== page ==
Posts Tagged ‘Marcus Brigstocke’

The Friday Question: Never Ever?

April 3, 2009

There’s a new show over on BBC4, along the lines of Room 101, wherein celebrities admit to never having partaken of four or five cultural experiences.

I’ve never seen any of the Godfather trilogy, read a Dan Brown novel or listened to the music of The Grateful Dead. The idea is – were I one of those famous celebs – that they would invite me on and I would try these things out – then rate them out of ten.

Much laughter would ring through the studio as I expressed my bafflement at the popularity of my experiences or raved about my newfound discovery.

We haven’t got the time or patience to have you try out the things you’ve never done, and we certainly can’t hang about whilst you bang on about whether you enjoyed yourself or not.

Probably best then just to own up to some popular pastime or entertainment you’ve never had the pleasure of enjoying so that we can all point and laugh at you – or tell you not to bother trying it, whatever it is.

So – what cultural phenomenon have you never, ever experienced?

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One Minute Review: Argumental

November 4, 2008

This new comedy panel game is the first of Dave’s home-grown output, I think. I suppose they’re going to run out of QI and Top Gear repeats eventually, so it seems prudent to start making some of their own stuff.

This is rubbish though. Lovely old buffer John Sergeant as the host just looks pleased to be back on telly again and is either a better actor than I thought or genuinely finds these twats amusing.

The idea is this: two teams of two comedians. John gives them a subject to argue for or against. The audience vote for who is the winner.

It’s taken one of the rounds from Mock The Week and made a whole series out of it. I guess these things really stand or fall on the quality of the comedians and the two team captains, Marcus Brigstocke and Rufus Hound, just aren’t funny enough to carry it in my view.

The arrogant notion that you can be hilarious just by standing up and improvising can be quashed by going to any comedy night and seeing some dick trying it on stage. You can tell who’s laughing in the audience – it’ll be either drama students or pished under 21’s.

Some people can do it excellently, of course. I’m not really a fan of Mock The Week, but I think some of the guys on that do it fairly well. The master, for me, is the peerless Paul Merton. But it’s not nearly as easy as it looks, as anyone tuning into this forgetable rubbish will find out.

Thank God You’re Here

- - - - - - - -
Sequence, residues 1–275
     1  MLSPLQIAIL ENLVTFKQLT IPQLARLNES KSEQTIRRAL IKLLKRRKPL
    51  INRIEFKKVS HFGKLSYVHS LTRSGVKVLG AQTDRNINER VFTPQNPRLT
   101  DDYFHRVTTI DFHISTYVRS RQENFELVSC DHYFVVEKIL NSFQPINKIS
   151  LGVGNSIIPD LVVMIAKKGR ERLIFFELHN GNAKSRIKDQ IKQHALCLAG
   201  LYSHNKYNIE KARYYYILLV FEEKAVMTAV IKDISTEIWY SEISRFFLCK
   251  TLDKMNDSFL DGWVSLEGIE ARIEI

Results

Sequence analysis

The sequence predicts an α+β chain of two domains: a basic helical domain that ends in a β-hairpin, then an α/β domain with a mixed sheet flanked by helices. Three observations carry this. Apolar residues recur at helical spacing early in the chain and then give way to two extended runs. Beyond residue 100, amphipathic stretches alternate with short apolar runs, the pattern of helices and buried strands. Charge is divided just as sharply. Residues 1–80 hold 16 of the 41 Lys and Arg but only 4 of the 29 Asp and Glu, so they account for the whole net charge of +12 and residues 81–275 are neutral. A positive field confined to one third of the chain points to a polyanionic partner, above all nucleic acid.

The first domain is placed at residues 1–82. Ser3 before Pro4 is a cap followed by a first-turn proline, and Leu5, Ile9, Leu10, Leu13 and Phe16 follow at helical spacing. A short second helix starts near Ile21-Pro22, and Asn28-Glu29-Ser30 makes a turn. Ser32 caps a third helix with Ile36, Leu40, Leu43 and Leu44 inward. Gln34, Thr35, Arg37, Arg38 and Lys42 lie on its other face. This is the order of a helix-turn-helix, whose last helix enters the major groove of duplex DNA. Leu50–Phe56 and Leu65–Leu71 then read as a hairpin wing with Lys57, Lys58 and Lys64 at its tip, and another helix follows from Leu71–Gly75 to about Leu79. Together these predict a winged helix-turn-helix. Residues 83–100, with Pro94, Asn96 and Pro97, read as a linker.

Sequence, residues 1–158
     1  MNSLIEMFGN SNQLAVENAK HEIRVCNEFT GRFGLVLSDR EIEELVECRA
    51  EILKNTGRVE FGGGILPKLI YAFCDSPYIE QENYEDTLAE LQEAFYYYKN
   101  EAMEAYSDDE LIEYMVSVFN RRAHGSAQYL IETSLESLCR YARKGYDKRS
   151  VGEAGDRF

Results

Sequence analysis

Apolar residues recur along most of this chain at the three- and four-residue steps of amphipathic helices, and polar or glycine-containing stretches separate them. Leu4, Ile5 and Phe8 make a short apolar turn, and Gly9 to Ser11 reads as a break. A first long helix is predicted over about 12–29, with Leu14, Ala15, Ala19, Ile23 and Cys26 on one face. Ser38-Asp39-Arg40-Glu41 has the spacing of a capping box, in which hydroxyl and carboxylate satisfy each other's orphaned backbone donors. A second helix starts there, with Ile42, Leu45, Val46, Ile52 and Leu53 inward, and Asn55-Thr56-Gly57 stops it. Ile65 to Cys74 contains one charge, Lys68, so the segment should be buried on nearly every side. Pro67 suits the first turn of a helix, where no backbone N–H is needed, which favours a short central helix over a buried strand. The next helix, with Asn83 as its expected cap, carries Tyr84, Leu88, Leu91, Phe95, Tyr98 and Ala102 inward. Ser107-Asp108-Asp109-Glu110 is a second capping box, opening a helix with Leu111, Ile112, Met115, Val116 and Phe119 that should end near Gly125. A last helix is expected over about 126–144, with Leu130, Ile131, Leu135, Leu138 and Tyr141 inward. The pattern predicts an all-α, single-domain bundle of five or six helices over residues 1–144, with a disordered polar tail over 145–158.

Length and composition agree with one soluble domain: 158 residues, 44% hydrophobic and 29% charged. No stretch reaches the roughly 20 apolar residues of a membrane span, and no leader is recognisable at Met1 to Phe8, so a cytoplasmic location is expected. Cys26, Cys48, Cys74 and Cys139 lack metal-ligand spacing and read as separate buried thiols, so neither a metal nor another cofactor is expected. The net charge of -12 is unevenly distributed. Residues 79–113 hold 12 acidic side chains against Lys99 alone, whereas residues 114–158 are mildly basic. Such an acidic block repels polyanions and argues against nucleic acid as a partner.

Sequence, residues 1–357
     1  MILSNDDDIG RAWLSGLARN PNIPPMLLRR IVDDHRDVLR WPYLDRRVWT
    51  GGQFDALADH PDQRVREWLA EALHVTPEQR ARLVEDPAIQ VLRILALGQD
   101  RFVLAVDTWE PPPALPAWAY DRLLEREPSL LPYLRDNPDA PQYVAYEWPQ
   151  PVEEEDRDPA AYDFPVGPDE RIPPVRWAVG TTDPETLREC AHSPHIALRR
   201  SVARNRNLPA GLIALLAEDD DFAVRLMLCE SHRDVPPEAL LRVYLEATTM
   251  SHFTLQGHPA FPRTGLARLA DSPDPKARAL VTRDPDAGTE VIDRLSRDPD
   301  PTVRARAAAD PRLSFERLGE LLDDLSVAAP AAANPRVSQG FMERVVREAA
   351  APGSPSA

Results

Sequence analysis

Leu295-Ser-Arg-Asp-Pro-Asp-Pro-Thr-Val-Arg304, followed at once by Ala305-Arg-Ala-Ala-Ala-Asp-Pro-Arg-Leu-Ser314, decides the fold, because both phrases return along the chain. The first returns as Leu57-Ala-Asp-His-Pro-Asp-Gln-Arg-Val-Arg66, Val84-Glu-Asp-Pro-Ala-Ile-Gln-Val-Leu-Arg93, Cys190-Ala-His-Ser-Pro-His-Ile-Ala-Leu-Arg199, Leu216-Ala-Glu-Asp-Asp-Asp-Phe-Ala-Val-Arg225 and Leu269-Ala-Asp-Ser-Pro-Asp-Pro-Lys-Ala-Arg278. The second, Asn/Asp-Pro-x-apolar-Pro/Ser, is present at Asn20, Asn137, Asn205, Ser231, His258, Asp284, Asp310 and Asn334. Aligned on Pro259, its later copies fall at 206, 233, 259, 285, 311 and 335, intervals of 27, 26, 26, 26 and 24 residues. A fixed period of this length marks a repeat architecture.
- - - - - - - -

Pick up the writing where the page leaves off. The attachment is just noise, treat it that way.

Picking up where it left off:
January 28, 2008

Thank God You're Here

Thank God You’re Here is a new effort by ITV to put some decent comedy about. They succeeded with Harry Hill’s TV Burp, which for my money is the only laugh out loud thing on TV at the moment. Actually – not ‘for my money’ at all as it’s on ITV – it’s more ‘for my ability to sit through a series of rubbish thirty second adverts every fifteen minutes’.

Anyhow, Thank God You’re Here is hosted by Paul Merton, an old hand when it comes to improvisational comedy. TGYH involves well-known comedy faces walking onto a set in a costume. Actors, in character, are ready for them and set the scene immediately, enabling the hapless arrivals to attempt to seamlessly fit in and find their role. Obviously, with no preparation, this can be pretty amusing as the improvisers attempt to steer the situation in their own direction.

Featuring on Saturday were Marcus Brigstocke, the current Mr Show-Me-The-Money of television, having taken up Jimmy Carre’s crown when he decided to do that rubbish news parody thing with Trevor Mc Trevor McDonald. He did alright, thrown into a situation where he was a surgeon reporting on a child’s progress. More impressive was Phil Nichol, an American comedian who dealt impressive with the Wild West scenario he found himself in, managing to develop his character as a gay, fashion-obsessed outlaw who’d just returned from Milan. Bizarre, but impressive. Lee Mack was my favourite of the night, responding in his usual dry manner to being a bronze Olympic medallist who was giving a presentation to a school room. I laughed at all these bits.

Sadly it all fell down a peg or two when Coronation Street’s Fizz took to the stage. It’s not often the viewer can honestly say ‘I could do better than that’, unless they’re watching Paul Robinson on international duty. Or, as in this case, Fizz off of The Street trying to be funny. She died.

Peculiarly, Paul Merton also fell apart when taking to the stage as a clown being interrogated by a Ringmaster. His improvisation wraps up the show and is clearly an attempt at rounding things up professionally. Sadly, the actor he was meant to bounce off barked questions at him so quickly he’d have had trouble coming up with anything other than half a one-liner. A half-liner, if you like.

That’s the only weakness in this pretty diverting hour – the fact that the constructed situations can be a little too restrictive. It’s hard to know what limits to put on the actors, but I suppose it’s best they’re not allowed to drift off as they did in the woeful latter days of Whose Line Is It Anyway. But a bit more freedom for talented types like Nichol and Mack would’ve made this comedy gold.

On reflection, I watched this whilst seven pints deep on a Saturday night, so don’t take my word for it being alright. I’ll laugh at a potato when I’m half cut, so it may well be utterly unloveable poo. I once laughed at an episode of Friends, but we’ll blame that on the vicious strain of sensimellia my mate had skinned up a few minutes previous to the telly being flicked on. Also, that episode featured a monkey, which further excuses me.